How could you leave your best friend behind to face an uncertain, dangerous future? British soldiers of the Queen’s Royal Hussars are facing that very question as they prepare to leave the Iraqi port of Umm Qasr for the UK at the end of the month: What to do about Sandbag, the dog they adopted, who’s become their loyal guardian and friend?
Rumour has it that Sandbag the dog has survived being shot five times.
But the British soldiers in Iraq who have adopted him as a camp mascot fear he will not last long after they return to the UK at the end of this month.
They are worried he will be put down by local Iraqis or killed by other dogs when they leave.
Sandbag got his name for his golden coat and because he protects the men of B Squadron of the Queen’s Royal Hussars from stray dogs around their base at the southern port of Umm Qasr.
A true military dog, he loves helicopters and often follows the troops out on patrol.
He also bears scars from numerous scraps with other dogs and – according to base legend – several bullet wounds.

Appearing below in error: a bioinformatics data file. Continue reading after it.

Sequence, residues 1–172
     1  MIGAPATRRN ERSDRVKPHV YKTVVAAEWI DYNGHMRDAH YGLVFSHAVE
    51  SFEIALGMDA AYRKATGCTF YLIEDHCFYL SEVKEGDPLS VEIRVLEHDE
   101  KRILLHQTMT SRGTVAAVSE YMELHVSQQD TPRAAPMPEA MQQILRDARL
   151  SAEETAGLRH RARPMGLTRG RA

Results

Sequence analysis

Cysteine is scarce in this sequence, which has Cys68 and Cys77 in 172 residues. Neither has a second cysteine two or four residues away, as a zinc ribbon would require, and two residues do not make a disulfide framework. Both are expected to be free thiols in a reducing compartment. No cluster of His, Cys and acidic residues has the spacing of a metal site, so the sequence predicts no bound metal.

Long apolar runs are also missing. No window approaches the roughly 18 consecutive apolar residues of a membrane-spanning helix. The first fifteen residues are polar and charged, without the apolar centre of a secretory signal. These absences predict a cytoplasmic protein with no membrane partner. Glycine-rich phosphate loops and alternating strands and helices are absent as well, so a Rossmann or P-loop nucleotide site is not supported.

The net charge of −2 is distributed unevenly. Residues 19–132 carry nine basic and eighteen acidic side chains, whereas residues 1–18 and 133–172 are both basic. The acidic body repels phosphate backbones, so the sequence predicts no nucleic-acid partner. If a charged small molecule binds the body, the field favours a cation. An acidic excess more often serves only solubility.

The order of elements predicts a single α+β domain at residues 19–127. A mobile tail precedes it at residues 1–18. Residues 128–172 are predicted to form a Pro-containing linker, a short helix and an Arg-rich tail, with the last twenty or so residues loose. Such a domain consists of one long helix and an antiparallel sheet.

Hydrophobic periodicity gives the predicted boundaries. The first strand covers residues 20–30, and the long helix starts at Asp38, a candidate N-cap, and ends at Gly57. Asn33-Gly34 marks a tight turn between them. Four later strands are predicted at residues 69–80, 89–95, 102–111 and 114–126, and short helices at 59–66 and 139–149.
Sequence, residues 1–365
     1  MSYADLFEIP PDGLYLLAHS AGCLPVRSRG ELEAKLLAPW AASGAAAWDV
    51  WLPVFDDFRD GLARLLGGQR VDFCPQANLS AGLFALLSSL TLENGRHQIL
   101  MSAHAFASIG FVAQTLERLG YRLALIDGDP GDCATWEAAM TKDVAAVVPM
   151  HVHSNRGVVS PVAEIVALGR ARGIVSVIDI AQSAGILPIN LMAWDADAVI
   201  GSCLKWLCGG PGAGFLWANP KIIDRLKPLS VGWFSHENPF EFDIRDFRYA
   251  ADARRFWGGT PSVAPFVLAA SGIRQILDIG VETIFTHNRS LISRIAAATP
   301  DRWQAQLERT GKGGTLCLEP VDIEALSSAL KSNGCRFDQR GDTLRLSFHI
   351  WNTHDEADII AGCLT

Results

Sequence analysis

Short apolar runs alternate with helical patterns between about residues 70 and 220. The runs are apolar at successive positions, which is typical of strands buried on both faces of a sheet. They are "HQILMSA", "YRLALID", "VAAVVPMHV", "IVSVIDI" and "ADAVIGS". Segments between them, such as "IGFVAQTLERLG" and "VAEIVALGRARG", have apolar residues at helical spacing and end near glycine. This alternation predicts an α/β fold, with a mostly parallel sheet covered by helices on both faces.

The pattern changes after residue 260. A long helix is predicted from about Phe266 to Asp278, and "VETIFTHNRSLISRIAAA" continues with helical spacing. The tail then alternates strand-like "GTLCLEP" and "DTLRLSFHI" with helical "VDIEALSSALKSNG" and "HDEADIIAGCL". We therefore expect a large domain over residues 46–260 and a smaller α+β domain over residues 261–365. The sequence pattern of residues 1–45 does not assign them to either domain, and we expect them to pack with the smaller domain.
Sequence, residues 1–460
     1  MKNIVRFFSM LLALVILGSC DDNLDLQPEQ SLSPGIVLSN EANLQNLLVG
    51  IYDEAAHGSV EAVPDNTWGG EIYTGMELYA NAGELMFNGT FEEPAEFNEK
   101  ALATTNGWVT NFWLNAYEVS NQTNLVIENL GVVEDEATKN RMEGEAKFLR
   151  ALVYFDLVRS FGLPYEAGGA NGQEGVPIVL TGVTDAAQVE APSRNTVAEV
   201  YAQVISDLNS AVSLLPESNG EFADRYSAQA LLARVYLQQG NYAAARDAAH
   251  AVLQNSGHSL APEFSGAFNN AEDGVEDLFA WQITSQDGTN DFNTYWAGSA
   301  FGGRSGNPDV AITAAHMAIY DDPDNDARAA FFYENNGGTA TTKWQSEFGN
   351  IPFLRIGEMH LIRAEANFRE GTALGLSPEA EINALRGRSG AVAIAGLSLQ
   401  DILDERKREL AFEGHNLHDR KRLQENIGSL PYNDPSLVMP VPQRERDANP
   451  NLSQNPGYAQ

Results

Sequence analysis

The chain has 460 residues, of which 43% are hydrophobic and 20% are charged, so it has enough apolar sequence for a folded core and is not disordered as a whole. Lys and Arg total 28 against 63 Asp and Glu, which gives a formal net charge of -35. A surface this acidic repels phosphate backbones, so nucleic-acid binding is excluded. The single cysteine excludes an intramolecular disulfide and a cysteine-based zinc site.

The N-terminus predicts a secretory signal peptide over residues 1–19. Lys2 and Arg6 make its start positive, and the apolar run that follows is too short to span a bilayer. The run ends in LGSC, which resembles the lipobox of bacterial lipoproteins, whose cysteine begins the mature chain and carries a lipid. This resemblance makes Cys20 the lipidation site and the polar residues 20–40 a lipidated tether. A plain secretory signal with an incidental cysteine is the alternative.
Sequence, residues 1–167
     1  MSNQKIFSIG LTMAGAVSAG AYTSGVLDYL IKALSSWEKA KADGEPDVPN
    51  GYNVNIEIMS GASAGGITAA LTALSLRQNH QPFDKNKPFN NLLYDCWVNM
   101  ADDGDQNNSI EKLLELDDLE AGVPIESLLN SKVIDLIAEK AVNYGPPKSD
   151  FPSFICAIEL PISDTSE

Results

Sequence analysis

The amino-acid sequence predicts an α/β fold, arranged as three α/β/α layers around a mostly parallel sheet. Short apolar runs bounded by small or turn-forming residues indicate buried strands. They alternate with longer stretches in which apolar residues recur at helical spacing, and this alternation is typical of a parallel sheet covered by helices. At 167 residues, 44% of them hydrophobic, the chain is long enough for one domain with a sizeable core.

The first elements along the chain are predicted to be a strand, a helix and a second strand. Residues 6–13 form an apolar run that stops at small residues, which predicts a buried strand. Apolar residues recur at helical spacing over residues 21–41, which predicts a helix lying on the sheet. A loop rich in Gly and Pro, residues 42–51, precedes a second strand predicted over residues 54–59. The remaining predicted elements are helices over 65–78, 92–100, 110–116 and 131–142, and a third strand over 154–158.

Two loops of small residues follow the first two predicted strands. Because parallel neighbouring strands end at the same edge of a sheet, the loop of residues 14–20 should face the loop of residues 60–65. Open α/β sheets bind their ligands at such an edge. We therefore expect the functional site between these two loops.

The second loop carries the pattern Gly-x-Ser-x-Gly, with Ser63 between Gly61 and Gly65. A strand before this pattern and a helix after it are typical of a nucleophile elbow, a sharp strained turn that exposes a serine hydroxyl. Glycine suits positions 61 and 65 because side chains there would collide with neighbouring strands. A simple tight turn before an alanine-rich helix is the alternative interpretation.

Sandbag’s had his shots (besides those bullets), but UK law requires several months quarantine for animals entering the country, and that costs the owner a few thousand pounds, money the soldiers don’t have. They might turn him over to the Americans who are going to take their place, but, come on, would you want to give this away to strangers?
There’s a petition on the Web to ask the UK government to reward their loyal soldiers (and loyal dog) by waiving the quarantine fees.
Sign it for Sandbag.
(hat tip: The Jawa Report)
(Cross-posted at Public Secrets, my hangout on the Web)